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Marching to Compliance and ROI
IT products provider GTSI was one of the first Defense Department suppliers to meet the military's tagging requirements. Now it's searching for ways to get a return on its investment.
The company put together an RFID team headed by Decker and consisting of representatives from different departments in the company, including supply chain management, purchasing, distribution, contracting and IT.
Next, GTSI conducted a thorough evaluation of the RFID marketplace, looking at tag and reader suppliers, middleware providers and systems integrators and consultants who might best be able to help the company in its efforts to implement RFID and become compliant with the DOD mandate.
In the spring of 2004, GTSI selected ODIN Technologies, in Reston, Va., and Sun Microsystems, in Santa Clara, Calif., to be its major technology partners in the RFID deployment. ODIN supplies consulting expertise in areas such as the physics of RFID infrastructure design, testing and deployment. Its team of engineers, physicists and software developers provided advice to GTSI on how best to use the technology.
Sun provided the RFID middleware that integrates the data captured by GTSI's RFID system with an existing supply chain database that GTSI uses to store information on product shipments and orders.
Representatives from Sun and ODIN were added to the RFID project team, and the group got to work on implementation plans with the firm goal of being ready for the DOD's Jan. 1 deadline.
ODIN wanted to make certain that GTSI would be able to get accurate readings from tags, and that any metal at GTSI's distribution center would not interfere in any way with these readings, Decker says. To ensure this, ODIN ran tests of tags and readers in the distribution center. "We were lucky that our facility was conducive to the RFID environment, as are our products," Decker says. "We're able to get good reads."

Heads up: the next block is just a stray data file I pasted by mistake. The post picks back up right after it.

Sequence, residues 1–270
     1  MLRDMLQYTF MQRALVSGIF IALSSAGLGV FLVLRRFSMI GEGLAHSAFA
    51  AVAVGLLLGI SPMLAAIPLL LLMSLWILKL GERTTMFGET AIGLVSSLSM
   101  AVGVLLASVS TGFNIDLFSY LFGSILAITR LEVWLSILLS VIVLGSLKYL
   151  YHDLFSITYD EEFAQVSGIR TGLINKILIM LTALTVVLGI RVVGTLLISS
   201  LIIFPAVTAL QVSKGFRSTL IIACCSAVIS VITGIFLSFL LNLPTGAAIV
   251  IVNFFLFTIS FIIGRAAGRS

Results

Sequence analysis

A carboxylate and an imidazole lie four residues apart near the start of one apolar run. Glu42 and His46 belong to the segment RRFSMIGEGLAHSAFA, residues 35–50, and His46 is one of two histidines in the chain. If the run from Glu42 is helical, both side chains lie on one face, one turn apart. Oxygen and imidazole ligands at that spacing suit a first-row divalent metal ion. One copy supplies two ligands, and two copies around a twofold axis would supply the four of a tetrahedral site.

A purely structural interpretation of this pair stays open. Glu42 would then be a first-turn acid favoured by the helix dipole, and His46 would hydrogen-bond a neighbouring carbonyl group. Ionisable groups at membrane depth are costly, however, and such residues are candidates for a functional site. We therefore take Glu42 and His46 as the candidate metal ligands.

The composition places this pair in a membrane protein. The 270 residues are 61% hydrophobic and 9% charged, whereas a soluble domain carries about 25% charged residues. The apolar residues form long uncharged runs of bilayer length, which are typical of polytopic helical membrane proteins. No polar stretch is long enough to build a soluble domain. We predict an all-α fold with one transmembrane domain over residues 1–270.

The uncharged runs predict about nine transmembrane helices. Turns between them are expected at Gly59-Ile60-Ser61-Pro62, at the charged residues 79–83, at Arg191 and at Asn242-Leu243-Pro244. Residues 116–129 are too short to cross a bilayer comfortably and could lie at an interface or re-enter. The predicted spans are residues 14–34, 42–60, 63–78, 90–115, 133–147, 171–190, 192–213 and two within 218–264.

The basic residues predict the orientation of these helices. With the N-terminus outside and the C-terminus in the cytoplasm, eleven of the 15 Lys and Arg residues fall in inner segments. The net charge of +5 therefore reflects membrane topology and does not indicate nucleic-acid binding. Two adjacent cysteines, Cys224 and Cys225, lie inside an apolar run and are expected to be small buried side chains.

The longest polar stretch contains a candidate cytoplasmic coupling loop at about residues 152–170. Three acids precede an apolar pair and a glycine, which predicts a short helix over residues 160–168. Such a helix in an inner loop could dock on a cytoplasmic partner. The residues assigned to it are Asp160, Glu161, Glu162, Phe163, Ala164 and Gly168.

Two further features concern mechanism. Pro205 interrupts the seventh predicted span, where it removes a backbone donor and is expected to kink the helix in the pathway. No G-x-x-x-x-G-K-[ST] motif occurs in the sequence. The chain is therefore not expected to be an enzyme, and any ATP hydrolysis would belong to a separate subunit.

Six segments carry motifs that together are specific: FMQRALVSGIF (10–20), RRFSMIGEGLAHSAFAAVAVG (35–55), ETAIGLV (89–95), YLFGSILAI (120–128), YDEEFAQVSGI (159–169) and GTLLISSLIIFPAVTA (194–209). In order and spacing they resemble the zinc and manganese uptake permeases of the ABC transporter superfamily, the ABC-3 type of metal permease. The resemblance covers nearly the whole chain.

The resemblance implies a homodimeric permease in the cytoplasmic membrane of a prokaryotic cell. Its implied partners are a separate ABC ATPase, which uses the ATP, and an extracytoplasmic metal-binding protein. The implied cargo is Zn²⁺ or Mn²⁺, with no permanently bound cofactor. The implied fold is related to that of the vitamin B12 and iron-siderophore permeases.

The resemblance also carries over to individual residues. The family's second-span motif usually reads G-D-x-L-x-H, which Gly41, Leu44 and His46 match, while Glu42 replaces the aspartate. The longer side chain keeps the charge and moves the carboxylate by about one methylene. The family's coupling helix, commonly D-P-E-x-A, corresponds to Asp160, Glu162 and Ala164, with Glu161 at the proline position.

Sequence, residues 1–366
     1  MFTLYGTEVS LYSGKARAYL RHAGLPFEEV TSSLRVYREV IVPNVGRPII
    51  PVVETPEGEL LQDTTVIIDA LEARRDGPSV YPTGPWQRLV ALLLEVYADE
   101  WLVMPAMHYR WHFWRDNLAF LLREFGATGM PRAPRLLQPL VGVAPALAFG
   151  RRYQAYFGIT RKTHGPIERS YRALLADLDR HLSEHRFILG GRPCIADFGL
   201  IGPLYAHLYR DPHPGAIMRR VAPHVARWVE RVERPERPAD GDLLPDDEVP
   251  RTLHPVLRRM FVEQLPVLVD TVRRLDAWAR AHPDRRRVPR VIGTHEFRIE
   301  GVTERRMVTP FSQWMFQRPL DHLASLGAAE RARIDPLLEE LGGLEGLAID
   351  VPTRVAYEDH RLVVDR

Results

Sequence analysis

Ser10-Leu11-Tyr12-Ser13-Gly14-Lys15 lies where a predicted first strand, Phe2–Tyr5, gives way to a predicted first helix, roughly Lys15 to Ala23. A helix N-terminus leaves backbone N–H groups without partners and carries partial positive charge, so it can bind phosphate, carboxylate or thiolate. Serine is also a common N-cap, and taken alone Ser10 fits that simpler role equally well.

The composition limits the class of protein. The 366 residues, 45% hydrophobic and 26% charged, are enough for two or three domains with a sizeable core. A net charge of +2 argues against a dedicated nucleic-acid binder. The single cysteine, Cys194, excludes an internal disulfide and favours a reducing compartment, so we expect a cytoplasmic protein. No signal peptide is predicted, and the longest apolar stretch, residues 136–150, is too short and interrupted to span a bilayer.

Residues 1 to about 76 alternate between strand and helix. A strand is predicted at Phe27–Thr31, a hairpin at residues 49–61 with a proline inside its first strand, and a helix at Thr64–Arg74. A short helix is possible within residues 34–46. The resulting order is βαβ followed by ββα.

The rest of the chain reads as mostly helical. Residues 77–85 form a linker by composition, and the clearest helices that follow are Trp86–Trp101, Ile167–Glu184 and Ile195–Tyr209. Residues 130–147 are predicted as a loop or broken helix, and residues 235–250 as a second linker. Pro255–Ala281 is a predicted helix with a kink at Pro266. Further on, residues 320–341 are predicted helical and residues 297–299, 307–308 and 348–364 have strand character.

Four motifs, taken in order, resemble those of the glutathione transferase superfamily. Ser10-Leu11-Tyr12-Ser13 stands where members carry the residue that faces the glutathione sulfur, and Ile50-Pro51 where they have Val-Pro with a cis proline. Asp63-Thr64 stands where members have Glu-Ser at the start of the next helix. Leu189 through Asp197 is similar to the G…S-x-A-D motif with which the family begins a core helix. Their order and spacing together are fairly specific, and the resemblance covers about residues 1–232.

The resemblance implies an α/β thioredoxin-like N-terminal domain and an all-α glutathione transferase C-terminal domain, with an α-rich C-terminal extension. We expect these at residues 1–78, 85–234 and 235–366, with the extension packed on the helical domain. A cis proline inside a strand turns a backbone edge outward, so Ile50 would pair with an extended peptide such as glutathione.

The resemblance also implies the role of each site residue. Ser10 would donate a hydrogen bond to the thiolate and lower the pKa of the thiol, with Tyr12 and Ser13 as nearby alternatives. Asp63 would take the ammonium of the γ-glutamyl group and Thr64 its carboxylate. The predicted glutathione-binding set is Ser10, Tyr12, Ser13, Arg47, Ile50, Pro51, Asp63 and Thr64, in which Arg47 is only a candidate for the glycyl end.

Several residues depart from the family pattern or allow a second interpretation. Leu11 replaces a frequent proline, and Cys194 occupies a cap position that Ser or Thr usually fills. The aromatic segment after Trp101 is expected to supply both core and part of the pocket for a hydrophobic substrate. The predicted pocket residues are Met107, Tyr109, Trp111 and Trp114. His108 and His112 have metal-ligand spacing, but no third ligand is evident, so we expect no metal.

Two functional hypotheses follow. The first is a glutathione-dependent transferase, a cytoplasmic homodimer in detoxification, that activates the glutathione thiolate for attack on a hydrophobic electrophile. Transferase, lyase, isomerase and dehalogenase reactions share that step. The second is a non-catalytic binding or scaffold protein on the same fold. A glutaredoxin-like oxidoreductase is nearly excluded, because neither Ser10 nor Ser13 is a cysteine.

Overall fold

Based on ODIN's recommendations resulting from extensive on-site surveys and SKU testing in GTSI's facilities, GTSI is using 915 MHz UHF tags from Alien Technology, in Morgan Hill Calif.; RFID printer-encoders from Zebra Technologies, in Vernon Hills, Ill.; and AR400 readers from Symbol Technologies' RFID division (formerly Matrics) in Holtsville, N.Y.
ODIN engineers helped install the RFID readers and label encoders and test RFID tags in GTSI's 150,000-square-foot distribution center, from which the company ships products to the DLA sites. The deployment consists of two RFID portals (each with a Matrics AR400 RFID reader), with one portal for reading pallet tags and the other for reading case tags. A Zebra RFID label encoder was installed adjacent to each portal. The RFID readers and Zebra RFID label encoders are connected to the supply chain database at the center via a wireless network. The RFID system took about six months to fully implement, Decker says, and GTSI began shipping tagged cases and pallets to the DOD at the beginning of the year.
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